2011. 2. 9. 22:48 EDITORIAL/문예 :: Literature
EDITORIAL/문예 :: Literature
What is it that makes us human? Is it the bodies we have? Our minds? Our genetic makeup? Is what is human the physical body we inhabit or the thoughts and feelings arising from a thousand different experiences? Is someone human if the majority of their body is mechanical? If one is made of wires and run by electricity? If so, how much of them has to be flesh and blood? More than half? Or is merely a small part of a brain sufficient, with the remainder, the organs and the limbs, made by man? Can such a being still be regarded as human? How can we judge? What is human?
Is it human to be kind and generous and sympathetic to those who are less fortunate? Or to be selfish and rude and self-centered? What is human? Can we judge what human is? Is it the essence of a person: a soul, a mind, habits, goals, wants, wishes, hates, and memories?
We say someone isn’t human if he or she has maimed and tortured and butchered people for the sake of it, someone who has engaged in cruelty because he or she enjoys it. It is because the behavior is so different from us, from what we as a society have dictated as lying within the normal means of the definition of "human." We cannot understand what brought them to such acts, and certainly cannot imagine ourselves engaging in such abominable deeds. Therefore they are not like us, not human.
But does succumbing to carnal pleasures, no matter how grotesque or unseemly, make us less human? Or more?
Is it not part of being human holding on to basic instincts? In not exercising restraint when regarding those primal urges? Would it not be less human then, to try and suppress our nature? Yet there are numerous instances of us doing exactly that. Food. People starve themselves in an attempt to appear more physically attractive. Sleep. People forgo sleep to work or study, because being productive in our society, being successful, is a better tradeoff than letting our body have the rest it needs. Sex. An act overburdened by social and religious stigma, it is an act from which we suffer undue shame when indulging in it too often or with the wrong sorts of people. Who is to say that doing so makes us any less human?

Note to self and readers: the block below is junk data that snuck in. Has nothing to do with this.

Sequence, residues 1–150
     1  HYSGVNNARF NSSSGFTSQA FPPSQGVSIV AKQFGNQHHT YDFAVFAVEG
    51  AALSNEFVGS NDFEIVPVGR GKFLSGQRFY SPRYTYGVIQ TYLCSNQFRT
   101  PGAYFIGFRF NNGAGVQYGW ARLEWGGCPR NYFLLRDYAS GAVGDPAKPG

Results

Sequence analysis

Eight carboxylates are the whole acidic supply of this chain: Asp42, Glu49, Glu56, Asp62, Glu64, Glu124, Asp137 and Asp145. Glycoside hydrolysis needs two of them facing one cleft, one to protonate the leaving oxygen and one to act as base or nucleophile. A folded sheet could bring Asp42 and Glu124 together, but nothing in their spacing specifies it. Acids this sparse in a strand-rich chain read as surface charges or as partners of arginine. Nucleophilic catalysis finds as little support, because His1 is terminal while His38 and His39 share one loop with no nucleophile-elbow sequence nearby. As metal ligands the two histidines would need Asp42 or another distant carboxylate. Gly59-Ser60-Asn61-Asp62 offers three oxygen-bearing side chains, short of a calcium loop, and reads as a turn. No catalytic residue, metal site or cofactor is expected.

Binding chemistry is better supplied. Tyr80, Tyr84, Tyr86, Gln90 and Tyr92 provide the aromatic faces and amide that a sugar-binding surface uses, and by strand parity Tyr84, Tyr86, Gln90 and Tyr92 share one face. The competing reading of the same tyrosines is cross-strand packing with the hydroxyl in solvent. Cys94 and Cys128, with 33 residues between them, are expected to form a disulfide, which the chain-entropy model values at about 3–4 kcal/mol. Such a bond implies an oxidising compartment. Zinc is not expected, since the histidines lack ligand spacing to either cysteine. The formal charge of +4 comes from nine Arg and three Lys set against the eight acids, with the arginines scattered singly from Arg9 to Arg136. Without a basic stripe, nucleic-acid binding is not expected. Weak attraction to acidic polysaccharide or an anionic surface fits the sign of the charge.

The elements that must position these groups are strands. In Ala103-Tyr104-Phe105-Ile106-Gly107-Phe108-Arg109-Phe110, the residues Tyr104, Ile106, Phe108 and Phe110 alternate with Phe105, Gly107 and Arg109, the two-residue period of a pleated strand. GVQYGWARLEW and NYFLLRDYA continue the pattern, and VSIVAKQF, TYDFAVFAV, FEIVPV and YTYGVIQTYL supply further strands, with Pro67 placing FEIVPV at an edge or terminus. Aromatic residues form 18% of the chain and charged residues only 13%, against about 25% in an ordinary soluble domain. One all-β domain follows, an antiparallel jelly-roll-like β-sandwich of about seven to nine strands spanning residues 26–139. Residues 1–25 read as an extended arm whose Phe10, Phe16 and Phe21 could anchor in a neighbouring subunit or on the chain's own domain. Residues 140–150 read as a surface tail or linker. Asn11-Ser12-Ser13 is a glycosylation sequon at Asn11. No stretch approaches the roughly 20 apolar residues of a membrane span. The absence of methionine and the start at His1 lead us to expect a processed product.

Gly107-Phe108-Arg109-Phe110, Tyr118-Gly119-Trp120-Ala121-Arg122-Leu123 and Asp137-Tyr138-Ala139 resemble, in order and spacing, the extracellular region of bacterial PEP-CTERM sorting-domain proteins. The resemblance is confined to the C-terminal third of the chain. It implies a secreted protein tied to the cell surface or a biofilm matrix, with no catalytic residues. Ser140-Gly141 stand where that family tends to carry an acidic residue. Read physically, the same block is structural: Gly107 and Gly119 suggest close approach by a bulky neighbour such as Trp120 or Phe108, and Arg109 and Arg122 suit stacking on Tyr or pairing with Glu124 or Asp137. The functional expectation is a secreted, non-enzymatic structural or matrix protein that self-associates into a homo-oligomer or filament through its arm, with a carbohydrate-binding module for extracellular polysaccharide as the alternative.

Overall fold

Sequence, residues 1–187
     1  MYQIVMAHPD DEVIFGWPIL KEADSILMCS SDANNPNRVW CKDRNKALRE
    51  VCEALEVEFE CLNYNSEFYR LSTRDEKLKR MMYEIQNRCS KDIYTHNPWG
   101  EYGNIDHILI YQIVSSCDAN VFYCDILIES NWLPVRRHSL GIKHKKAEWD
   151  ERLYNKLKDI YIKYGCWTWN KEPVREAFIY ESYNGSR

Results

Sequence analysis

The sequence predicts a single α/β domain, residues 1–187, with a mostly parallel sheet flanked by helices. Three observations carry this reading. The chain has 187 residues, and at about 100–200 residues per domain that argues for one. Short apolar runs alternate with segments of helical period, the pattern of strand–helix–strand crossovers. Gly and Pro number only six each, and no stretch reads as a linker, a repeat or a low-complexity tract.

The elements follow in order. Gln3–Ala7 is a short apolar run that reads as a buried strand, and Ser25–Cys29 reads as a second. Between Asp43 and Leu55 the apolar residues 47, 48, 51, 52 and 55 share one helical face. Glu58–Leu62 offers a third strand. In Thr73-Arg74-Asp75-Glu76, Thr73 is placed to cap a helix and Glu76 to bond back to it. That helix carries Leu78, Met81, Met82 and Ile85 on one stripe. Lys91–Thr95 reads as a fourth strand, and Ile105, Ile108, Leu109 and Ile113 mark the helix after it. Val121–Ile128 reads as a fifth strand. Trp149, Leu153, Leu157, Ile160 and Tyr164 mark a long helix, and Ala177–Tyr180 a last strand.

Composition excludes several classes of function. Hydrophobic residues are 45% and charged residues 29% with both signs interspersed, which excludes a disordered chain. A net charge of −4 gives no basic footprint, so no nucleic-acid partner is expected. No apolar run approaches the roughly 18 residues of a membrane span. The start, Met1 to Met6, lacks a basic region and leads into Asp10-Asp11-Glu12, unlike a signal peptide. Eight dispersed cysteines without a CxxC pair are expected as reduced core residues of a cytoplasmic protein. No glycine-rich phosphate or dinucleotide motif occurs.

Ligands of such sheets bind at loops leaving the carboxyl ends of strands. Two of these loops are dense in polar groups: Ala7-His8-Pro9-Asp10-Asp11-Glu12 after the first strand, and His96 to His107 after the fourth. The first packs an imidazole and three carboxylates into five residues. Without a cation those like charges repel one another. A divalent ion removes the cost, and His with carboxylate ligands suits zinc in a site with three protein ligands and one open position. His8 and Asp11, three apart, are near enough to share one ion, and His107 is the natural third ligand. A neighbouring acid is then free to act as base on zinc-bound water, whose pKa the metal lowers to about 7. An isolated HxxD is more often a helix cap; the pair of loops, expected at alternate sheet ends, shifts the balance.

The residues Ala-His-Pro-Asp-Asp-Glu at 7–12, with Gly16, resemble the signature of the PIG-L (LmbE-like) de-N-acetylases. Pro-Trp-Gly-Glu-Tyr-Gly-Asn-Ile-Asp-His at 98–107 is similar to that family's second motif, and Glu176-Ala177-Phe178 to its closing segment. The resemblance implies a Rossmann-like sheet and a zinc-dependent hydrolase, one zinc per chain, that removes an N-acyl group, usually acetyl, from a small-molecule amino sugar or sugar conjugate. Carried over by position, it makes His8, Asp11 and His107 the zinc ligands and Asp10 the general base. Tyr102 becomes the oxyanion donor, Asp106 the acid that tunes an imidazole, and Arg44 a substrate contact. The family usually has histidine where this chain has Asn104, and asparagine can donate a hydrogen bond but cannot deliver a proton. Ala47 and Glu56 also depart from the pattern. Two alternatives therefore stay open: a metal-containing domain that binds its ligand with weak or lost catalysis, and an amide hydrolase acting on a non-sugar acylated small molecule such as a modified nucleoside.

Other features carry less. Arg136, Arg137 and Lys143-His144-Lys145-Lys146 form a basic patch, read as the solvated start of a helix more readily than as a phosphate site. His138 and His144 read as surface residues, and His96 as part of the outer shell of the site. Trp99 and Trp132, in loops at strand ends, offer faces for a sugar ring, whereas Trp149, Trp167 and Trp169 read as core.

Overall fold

Human is not a synonym for good.
Human is not a synonym for someone who fits into society.
What is human, then?
Is it what makes us able to be loved? Despised? Is it having thoughts and dreams? Or is it having to periodically sleep or go to the bathroom? Is it having a body with two arms and two legs and a torso and a face that isn’t too hideous? Is it just the mind that matters? A mind that, in the future, might be able to be uploaded onto a computer for safekeeping? Is a mind in a storage container human? Is a body of a brain-dead person in a coma human?
"Human" might be more than what we make of it, or less. It might be nothing at all; just an idea, a fanciful concept that we have given a name to in an attempt to set us apart from — what, animals? Plants? The rest of the universe? Should the idea of "human" even exist? Does it have any meaning? Should it?
Perhaps it's merely what we make of it.
Perhaps it really means nothing at all.